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Monday, August 9, 2010
Mass. General study may lead to techniques to enhance sleep, improve hospital care
People who have trouble sleeping in
noisy environments often resort to strategies like earplugs or noise-canceling
headphones that muffle the sound, but a new study from investigators at
Massachusetts General Hospital (MGH) may lead to ways to block disturbing
sounds within the brain. In their report
in the August 10 issue of Current Biology,
the team reports finding a brain-wave pattern, reflecting activity of a key
structure, that predicts the ease at which sleep can be disrupted by noise.
"We wanted to investigate what
the brain does to promote stable sleep, even in the face of noise, and why some
people are better at staying asleep than others," explains Jeffrey
Ellenbogen, MD, chief of the MGH Division of Sleep Medicine. "Understanding the tools and techniques
the brain naturally uses could help us harness and expand those responses to help
stay asleep in noisy environments."
Upon entering the brain, most
sensory information, including sound, passes through a deep-brain structure
called the thalamus on its way to the cortex where signals are perceived. Communication between these structures
continues during sleep and is reflected by fluctuations in the brain's
electrical field, producing rhythmic patterns detected through
electroencephalography (EEG). Typical
EEG patterns are used to distinguish stages of sleep, and in the second and
third stages, slow brain wave patterns are interspersed with brief, rapid
pulses called spindles.
Previous research suggested that brain
activity producing spindles, which only appear during sleep, also keeps sensory
information from passing through the thalamus, a hypothesis the current study
was designed to test. The team enrolled
12 healthy, adult volunteers, each of whom spent three consecutive nights in
the MGH sleep lab. EEG reading were
taken throughout each night, the first of which was quiet. During the next two nights, participants were
regularly subjected to increasing levels of noise until their EEGs indicated
they were no longer asleep.
Analyzing the results revealed that
each participant maintained a consistent, night-to-night spindle rate and that
those with higher rates on the quiet night were less likely to be aroused on the
noisy nights. Participants often were
not aware that their sleep had been interrupted, Ellenbogen notes, indicating
that environmental noise can have a greater impact on sleep quality than an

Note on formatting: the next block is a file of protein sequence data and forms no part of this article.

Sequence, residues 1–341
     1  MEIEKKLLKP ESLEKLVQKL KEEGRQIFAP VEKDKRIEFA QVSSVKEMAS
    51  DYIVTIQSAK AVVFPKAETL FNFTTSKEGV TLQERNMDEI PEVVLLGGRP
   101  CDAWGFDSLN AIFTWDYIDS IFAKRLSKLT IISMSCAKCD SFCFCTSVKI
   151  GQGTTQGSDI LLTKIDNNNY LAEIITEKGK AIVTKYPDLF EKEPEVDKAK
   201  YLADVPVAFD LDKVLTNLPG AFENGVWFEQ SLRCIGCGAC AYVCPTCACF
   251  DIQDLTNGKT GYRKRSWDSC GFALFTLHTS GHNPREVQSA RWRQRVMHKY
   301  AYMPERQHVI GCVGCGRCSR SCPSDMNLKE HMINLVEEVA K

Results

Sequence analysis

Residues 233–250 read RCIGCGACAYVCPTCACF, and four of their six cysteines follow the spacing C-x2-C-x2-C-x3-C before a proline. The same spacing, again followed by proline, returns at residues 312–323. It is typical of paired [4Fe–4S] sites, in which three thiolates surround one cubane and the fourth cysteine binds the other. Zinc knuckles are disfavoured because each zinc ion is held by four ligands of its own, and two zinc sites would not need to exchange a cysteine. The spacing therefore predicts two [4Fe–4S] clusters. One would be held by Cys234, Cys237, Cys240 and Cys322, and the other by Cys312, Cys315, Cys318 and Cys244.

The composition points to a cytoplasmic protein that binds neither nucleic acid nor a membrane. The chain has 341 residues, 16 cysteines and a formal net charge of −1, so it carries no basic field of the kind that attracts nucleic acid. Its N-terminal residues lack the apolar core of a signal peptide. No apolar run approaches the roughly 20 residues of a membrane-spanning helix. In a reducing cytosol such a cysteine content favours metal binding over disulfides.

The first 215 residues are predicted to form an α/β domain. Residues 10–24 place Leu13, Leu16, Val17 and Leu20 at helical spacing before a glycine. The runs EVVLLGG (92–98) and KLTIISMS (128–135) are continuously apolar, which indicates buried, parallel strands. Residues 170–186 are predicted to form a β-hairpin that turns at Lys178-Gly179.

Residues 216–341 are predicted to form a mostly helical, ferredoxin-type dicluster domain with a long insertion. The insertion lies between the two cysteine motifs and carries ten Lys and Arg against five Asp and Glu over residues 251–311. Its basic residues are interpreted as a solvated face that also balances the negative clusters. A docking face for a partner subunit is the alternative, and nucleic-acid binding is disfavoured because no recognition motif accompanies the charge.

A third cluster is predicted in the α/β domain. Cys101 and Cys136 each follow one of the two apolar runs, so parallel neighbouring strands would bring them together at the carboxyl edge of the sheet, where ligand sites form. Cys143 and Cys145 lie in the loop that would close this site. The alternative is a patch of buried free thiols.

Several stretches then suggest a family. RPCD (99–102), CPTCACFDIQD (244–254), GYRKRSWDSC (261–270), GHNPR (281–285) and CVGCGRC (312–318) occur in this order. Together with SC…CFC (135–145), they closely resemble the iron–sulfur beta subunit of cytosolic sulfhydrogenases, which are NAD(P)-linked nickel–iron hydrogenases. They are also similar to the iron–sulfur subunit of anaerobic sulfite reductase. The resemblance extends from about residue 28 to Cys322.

individual may realize.
"We were surprised by the
magnitude of the effect," he explains.
"We designed the study to follow participants for three nights to
capture a lot of data, but the effect was so pronounced that we could see it
after a single 'noisy' night. Now we want
to study behavioral techniques, drugs or devices that may enhance sleep
spindles and see if they can help people stay asleep when confronted with noise
and maintain otherwise healthy, natural sleep."
An assistant professor of Neurology
at Harvard Medical School,
Ellenbogen hopes this work will be particularly helpful to hospital patients,
who are under stress and need quality sleep but are surrounded by often-noisy
equipment. "We need to work with
hospitals around the country to develop solutions, targeting sounds like alarms
to the people who need to hear them and not those who don't. Brain-based solutions like enhancing sleep
spindles will likely have a role in these strategies."
Lead author of the Current Biology article is Thien Thahn
Dang-Vu, MD, PhD, MGH Neurology.
Additional co-authors are Scott McKinney, MGH Neurology: Orfeu Buxton, PhD,
Brigham and Woman's Hospital; and Jo Solet, PhD, Cambridge Health Alliance. The study was supported by grants from the Academy of Architecture for Health, the Facilities
Guidelines Institute and the Centre for Health Design.
established in 1811, is the original and largest teaching hospital of Harvard Medical School.
The MGH conducts the largest hospital-based research program in the United States,
with an annual research budget of more than $600 million and major research
centers in AIDS, cardiovascular research, cancer, computational and integrative
biology, cutaneous biology, human genetics, medical imaging, neurodegenerative
disorders, regenerative medicine, systems biology, transplantation biology and
Sue McGreevey, 617 724-2764, firstname.lastname@example.org
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